Back in the day, Colt was very attuned to customers’ needs, and the company entertained special orders from single revolvers to crate loads. Colt also watched the market and tried to supply firearms to meet the demands of shooters. In the latter part of the 19th century, formal handgun target shooting became a popular sport both in the U.S. and abroad. In 1894, Colt introduced a modified version of its Single Action Army (SAA) revolver for target shooters. It was called the “Bisley,” and was named after the shooting range used by the British National Rifle Association. While Colt used a number of components from the SAA, like the cylinder, barrel and ejector rod, a few major and minor changes were required.
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When comparing the SAA to the Bisley, the most noticeable difference is the grip frame. The backstrap appears to have a straighter drop downward, removing some of the flair of the original “plow-handle” shape. At the same time, the frontstrap has a swept-under design that positions the gun in the hand for the kind of grip generally used by target shooters in the late 1800s/early 1900s. This new shape required changes to the grip frame and frame attachment points. The standard grip panels were black gutta percha with checkering and the “rampant Colt” logo. The triggerguard was enlarged somewhat, and the wide, curved trigger was moved back, closer to the grip, for better control during one-handed shooting.
Another accommodation was the hammer spur, which was curved and lowered, with a generous checkered portion for faster, easier cocking using only the shooting hand. Less apparent changes include a longer mainspring and hand, as required by the redesigned frame, and this means they are not interchangeable with those parts on the SAA. The Bisley shared the same barrel length options as the SAA; it could be had with a 4¾-, 5½- or 7½-inch barrel with “BISLEY MODEL” stamped on the side. Standard Bisleys came with blued barrels, cylinders and grip frames with color-casehardened frames. Nickel plating and other specialty finishes, including engraving or fancy grip panels, were available but are rarely seen these days.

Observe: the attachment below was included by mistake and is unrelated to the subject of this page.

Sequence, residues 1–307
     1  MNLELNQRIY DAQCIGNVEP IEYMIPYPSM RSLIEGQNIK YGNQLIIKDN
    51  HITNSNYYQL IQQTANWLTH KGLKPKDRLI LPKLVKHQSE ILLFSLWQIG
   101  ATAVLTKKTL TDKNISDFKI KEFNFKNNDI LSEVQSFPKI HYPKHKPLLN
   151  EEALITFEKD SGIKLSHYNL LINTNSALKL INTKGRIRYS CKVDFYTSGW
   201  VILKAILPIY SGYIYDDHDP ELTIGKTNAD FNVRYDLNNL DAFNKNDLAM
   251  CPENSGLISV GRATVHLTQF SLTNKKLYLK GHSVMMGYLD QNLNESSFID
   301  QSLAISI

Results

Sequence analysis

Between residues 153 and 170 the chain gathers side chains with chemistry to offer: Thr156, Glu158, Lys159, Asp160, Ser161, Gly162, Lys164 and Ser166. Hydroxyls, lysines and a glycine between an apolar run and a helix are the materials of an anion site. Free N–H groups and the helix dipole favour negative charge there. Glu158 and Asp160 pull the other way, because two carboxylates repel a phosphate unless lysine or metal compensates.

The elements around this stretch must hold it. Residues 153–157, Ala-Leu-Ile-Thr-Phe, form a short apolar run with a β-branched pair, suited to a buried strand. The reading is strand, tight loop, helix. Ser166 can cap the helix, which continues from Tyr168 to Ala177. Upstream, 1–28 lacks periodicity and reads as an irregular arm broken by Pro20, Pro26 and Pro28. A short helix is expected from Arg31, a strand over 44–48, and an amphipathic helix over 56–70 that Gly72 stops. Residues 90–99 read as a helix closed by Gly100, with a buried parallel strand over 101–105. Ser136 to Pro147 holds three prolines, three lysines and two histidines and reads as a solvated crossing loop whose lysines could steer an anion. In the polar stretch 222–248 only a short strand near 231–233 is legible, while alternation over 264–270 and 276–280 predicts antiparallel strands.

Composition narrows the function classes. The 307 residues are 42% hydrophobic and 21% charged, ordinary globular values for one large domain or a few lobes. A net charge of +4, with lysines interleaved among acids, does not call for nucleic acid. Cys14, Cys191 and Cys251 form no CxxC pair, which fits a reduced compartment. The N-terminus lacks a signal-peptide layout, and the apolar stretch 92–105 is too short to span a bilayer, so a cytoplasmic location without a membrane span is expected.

While designed as a target pistol, the standard Bisley had a rounded blade front sight while the rear sight consisted of a channel cut into the topstrap of the frame. The vast majority of the 45,326 Bisleys made had these sights. Colt also made a flattop, target-sighted version of the SAA from 1890 to 1898, and a flattop version of the Bisley was also produced. It had a removable blade front sight that allowed for elevation adjustments by substituting blades of different heights. The leaf-style rear sight was fitted in a notch in the frame and could be moved laterally for windage adjustments. Only 976 flattop models were produced. Although Colt offered the Bisley in some 18 different calibers, the most commonly encountered (in order of popularity) are .32-20, .38-40, .45 Colt, .44-40 and .41 Colt as well as the British .450 and .455 Eley cartridges. Most of the Bisley models encountered today by collectors have a lot of honest wear, and those standard versions shipped to addresses in the U.S. were generally used for self-defense rather than target shooting.
Taylor’s & Company Firearms of Winchester, Virginia, has been offering a reproduction Bisley from Uberti for a number of years in .357 Mag and .45 Colt, with the usual barrel lengths of 4¾, 5½ and 7½ inches. Recently, the company began to offer Bisley replicas chambered for the .44-40 cartridge, and I got my hands on a 4¾-inch-barreled version that looked like a Colt Bisley in almost every way. The most noticeable difference was the grip panels, which were not hard rubber but smooth walnut. I examined the Uberti-made reproduction externally and observed a high degree of workmanship in its overall fit and finish. The color casehardening was well done, with pleasing colors that contrasted nicely against the deep blue on the rest of the gun and the reddish varnish on the walnut stocks.
I also noticed the .44-40 Bisley’s barrel markings. Of course, being a reproduction and an import, the stamping on top of the barrel reflected the country of origin (Italy) and the distributor name (Taylor’s & Co. Firearms). The side stamping on the replica had “MOD. 1873 CAL. .44 W.C.F.” There was no “BISLEY MODEL” stamping as on the original. It just so happens that I have an original .44-40 Bisley with a 4¾-inch barrel that was made in 1908. The side of the barrel is correctly stamped, and like all Colt single actions in .44-40, it’s not marked with the caliber but says, “COLT FRONTIER SIX SHOOTER.” This stamping harkens back to the day when Colt began to market the SAA in .44-40 as a companion piece to the Model 1873 Winchester rifle. This enabled the user to carry one load for their handgun and long gun—a perfect combination for the frontier.